ABOUT THE TALK /
Members of some families in poor rural areas migrate to urban areas for work to cope with seasonal deprivation. In Bangladesh, however, researchers observed that many vulnerable households, who could potentially reap large benefits from temporary migration, didn’t send anyone away to work, thereby risking hunger. Why were so many people sticking around in relatively unproductive rural areas, in the face of persistent gaps in wages and productivity between urban and rural areas? A research team from Yale University, the London School of Economics, the University of Sydney, and Innovations for Poverty Action investigated these questions in Northern Bangladesh during 2008-2011, testing whether providing information or small financial incentives increased migration and in turn, improved household welfare. They found that households offered either a grant or loan to migrate were substantially more likely to send someone to work outside the village during the lean season. A replication and expansion of the study during 2014-2016 not only confirmed these findings, it also showed that larger scale emigration increases wages and work hours in the village of origin, indirectly benefiting other residents who stay back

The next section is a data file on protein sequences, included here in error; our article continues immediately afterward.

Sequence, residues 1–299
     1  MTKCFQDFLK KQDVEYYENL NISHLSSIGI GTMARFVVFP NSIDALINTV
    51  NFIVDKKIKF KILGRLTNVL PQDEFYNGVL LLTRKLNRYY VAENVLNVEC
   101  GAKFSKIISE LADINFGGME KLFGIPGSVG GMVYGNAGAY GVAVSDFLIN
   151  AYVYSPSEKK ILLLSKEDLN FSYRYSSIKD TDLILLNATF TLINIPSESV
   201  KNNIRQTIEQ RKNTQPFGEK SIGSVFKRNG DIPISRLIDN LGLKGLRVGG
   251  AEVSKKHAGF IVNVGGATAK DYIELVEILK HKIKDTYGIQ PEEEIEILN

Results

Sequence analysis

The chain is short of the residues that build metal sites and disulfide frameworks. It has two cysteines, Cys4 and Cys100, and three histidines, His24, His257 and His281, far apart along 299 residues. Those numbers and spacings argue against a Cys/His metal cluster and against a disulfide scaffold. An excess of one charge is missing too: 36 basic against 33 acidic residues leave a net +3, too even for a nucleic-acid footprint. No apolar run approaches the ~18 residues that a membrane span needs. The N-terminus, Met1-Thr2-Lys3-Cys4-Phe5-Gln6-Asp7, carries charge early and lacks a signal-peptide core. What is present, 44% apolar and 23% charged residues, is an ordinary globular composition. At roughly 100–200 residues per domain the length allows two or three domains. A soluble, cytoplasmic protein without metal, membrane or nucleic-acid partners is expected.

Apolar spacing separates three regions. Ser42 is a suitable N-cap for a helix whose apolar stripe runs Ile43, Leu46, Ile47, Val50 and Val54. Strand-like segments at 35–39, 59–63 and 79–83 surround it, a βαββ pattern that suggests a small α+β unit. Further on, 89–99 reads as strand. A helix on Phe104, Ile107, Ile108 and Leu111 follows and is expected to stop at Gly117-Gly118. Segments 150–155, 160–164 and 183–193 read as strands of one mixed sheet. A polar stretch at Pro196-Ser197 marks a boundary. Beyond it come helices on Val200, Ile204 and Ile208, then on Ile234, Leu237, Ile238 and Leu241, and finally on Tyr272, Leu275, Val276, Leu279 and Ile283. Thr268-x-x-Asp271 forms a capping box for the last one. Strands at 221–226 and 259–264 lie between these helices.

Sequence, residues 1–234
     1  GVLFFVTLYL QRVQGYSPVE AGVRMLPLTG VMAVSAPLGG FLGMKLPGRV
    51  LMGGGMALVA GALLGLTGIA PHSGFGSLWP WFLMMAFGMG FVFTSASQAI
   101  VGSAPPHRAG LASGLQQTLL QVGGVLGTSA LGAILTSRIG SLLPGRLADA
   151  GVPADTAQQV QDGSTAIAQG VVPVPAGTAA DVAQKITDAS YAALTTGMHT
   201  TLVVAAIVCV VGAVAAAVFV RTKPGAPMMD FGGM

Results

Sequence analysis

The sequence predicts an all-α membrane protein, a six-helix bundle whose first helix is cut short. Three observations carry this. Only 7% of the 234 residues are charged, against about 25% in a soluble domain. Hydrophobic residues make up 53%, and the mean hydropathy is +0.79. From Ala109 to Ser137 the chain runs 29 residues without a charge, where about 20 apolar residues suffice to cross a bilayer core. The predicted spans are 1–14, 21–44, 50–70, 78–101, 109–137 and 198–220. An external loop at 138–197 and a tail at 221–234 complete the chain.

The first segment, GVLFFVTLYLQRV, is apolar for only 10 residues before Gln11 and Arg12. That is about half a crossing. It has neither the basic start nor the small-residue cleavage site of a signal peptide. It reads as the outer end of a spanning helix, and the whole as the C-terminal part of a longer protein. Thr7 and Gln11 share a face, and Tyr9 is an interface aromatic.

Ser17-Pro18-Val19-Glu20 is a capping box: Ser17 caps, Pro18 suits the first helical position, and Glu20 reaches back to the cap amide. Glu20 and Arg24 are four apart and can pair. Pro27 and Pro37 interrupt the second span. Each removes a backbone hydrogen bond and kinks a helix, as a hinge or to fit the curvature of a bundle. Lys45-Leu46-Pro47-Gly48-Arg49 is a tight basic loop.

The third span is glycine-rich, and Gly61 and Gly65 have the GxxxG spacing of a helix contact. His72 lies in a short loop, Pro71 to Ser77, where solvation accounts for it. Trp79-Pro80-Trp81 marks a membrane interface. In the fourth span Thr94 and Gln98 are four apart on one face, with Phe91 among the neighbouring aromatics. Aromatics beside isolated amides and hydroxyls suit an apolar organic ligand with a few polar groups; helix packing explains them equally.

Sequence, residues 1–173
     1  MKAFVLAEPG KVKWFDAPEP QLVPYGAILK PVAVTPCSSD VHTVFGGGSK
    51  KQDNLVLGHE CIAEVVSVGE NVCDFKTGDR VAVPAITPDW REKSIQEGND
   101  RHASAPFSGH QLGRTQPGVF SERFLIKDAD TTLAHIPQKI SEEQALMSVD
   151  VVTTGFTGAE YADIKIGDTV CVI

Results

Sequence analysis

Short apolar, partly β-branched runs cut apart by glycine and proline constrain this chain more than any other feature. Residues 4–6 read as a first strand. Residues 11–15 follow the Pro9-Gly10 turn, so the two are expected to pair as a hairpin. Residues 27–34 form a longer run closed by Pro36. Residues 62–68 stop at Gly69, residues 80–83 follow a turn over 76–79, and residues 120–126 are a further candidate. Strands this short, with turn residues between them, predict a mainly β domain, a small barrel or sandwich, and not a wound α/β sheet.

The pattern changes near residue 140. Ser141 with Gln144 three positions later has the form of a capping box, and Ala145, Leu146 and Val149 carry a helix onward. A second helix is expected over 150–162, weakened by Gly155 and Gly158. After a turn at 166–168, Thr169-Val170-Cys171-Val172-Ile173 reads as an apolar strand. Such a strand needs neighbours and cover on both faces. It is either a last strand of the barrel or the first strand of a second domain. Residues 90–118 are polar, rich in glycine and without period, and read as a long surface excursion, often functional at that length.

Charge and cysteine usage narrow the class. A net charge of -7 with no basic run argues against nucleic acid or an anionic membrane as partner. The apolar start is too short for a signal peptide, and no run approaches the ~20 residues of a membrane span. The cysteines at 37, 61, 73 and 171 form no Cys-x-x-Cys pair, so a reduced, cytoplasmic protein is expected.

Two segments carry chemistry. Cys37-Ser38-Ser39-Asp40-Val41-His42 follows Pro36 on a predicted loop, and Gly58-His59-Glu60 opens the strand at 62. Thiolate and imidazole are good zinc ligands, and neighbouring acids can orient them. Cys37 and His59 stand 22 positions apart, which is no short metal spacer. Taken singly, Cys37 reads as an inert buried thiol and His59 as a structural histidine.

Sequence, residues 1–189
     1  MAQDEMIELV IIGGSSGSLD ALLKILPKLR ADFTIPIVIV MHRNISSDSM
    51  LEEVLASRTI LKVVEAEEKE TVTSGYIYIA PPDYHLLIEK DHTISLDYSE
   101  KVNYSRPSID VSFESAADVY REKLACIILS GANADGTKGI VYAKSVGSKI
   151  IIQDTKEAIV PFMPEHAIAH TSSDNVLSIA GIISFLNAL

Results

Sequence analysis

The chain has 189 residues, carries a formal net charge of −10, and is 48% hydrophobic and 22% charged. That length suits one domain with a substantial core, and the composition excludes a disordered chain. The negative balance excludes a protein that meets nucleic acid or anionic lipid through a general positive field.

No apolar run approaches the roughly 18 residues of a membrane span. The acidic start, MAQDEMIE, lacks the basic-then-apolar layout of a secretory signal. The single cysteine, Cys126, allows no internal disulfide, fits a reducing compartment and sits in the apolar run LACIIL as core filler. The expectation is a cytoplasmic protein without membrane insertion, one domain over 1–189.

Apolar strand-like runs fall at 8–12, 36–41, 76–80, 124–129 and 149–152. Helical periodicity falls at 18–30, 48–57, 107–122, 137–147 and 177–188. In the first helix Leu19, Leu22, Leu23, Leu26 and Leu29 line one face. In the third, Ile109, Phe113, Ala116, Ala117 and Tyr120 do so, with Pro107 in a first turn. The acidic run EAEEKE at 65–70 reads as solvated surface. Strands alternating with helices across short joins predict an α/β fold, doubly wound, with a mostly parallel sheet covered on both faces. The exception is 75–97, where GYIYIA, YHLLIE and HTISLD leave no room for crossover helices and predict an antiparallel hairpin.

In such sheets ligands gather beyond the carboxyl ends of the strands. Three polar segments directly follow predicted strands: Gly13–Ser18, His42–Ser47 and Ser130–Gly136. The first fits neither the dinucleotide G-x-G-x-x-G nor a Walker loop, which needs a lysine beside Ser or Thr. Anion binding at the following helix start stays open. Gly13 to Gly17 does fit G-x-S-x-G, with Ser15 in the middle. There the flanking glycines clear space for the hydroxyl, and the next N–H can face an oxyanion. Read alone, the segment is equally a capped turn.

To read more about Dr. Mobarak's work, please visit his Yale faculty page.
This Speaker Series is funded by the Erin Jellel Collins Arsenault Trust that supports the Program in Global Governance at ISID.